The people would wonder on what her contribution is going to be, especially because she was for a federal system and devolution of power. She proposed that and Ranil Wickremesinghe burnt the proposed draft constitution in Parliament in 2000. So it was totally a conflict between Wickremesinghe Government and Chandrika Bandaranaike Kumaratunga’s regime. So you can see the vengeance of bringing together those two parties is not a workable arrangement.

Q: How do you look at former UNP General Secretary Tissa Attanayake’s cross over to the Government ranks? Has it not weakened the UNP’s fabric?

A: Attanayake is the person who was instrumental in bringing a relationship between the grass-roots polling booth agents to the entire network. Now that is left with a huge question mark. Therefore the UNP network and the administrative network have collapsed. You can see the UNP cadre is not getting any momentum. I think it’s a big issue with regard to the UNP.

Former UNP General Secretary Attanayake was a good network man. He has no enemies within the UNP. He has been a friend and a brother of everyone. So it will be difficult for anyone to build up that gap and it will take at least two years. It may be a huge shock in the network of the UNP membership.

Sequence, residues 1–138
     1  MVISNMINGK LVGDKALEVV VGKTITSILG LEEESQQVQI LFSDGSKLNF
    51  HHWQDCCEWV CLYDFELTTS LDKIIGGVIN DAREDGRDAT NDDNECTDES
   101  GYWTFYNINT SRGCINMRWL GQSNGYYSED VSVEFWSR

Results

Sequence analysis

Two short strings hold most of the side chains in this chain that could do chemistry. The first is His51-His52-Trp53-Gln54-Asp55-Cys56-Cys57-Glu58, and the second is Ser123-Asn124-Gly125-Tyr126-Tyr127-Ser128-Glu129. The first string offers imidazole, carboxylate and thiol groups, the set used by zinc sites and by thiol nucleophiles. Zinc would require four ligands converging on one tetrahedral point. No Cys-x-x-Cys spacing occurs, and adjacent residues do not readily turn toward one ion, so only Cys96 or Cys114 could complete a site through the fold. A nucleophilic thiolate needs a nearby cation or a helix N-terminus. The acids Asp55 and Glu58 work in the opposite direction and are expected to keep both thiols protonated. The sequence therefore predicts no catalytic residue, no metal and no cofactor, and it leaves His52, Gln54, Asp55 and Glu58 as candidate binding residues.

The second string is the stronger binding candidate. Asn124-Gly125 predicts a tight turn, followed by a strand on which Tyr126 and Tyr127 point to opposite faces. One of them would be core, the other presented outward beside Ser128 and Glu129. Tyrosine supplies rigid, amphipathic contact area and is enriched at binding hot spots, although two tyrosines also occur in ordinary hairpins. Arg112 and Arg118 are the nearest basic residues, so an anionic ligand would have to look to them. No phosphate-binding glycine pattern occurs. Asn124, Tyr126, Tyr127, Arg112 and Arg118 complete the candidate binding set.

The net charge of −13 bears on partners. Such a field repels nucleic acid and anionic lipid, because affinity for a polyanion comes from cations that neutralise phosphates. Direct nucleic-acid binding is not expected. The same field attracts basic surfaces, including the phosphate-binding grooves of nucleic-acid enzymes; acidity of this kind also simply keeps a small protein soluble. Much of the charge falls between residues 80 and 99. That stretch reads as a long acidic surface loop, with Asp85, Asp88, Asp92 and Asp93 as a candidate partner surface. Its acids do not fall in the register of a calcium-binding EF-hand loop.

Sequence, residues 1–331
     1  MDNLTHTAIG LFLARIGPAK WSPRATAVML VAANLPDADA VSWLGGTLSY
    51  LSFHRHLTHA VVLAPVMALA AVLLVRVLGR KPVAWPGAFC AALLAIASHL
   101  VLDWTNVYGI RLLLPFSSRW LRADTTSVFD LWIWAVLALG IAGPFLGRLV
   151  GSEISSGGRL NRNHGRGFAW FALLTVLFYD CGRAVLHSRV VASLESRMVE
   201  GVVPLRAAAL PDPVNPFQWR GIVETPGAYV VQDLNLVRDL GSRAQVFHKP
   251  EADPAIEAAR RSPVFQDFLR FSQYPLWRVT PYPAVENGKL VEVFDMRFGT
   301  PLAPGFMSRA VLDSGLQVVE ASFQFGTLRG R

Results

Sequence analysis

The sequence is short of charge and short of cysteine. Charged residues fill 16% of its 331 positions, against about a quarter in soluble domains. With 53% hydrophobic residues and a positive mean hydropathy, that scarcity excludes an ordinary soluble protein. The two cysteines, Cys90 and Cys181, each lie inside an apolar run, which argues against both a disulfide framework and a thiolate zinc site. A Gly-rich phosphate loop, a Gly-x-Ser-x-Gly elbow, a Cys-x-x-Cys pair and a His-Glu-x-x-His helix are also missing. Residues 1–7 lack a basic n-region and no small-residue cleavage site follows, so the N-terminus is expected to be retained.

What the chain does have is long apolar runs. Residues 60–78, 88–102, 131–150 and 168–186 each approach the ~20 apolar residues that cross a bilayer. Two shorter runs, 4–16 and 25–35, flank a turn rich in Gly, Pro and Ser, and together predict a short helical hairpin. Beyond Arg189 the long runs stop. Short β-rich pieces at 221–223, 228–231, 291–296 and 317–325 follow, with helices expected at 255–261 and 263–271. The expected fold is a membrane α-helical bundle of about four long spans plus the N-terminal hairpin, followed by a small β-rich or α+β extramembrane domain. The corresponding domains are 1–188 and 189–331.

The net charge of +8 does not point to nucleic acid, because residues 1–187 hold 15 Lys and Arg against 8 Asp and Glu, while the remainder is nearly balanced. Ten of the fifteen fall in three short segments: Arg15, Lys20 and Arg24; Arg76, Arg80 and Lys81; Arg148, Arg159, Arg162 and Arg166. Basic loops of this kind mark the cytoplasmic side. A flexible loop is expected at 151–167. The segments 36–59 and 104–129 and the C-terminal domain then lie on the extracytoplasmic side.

Q: The Government makes the allegation that an international conspiracy is at work towards a change. SLFP General Secretary Sirisena’s break-away is an interlude to many such things in store. Would you like to elaborate on this?

A: When you look at the composition, Rauff Hakeem is very keen to have administrative authority in the Eastern Province for the Muslim community and the TNA is asking for a federal and total autonomy in their administration in Northern territory while Thigambaram is also a part of upcountry workers controlling their affairs. When Rishad Bathiudeen is talking about Muslim community in the Wanni and Puttalam, these are all minority representatives with the administrative devolution of power package plans.

Whereas this is exactly the aim of the people seeking Eelam. What you can see here is that there is a Sri Lankan diaspora abroad, but they have no intention to come back. They are settled down in those countries and they have a relationship with Tamils. Eventhough only a three million Tamil community is in Sri Lanka, there are more than 100 million Tamils in the world. You can see the international pressure against Sri Lanka’s territorial integrity is so much. We have to manage this. I would say the way Sirisena is articulating is very clear that the document which is there in agreement with minority parties are nothing other than for devolution of power to control their respective areas. So extreme groups are ganging up together very clearly with Sirisena’s campaign. That means that they are trying to marginalise the Sinhalese in every sense.